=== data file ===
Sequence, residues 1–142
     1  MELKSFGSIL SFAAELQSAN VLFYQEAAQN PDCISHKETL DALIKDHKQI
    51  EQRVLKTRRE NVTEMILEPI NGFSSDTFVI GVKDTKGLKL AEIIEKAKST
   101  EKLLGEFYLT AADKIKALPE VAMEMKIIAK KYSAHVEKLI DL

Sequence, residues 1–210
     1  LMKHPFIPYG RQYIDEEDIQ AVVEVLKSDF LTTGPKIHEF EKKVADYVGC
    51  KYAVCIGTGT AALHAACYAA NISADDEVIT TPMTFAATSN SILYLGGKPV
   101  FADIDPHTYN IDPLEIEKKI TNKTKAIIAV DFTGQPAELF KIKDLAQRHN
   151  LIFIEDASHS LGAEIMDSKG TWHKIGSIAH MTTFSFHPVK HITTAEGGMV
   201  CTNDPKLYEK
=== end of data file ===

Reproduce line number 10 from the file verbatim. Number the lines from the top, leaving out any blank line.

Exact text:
   201  CTNDPKLYEK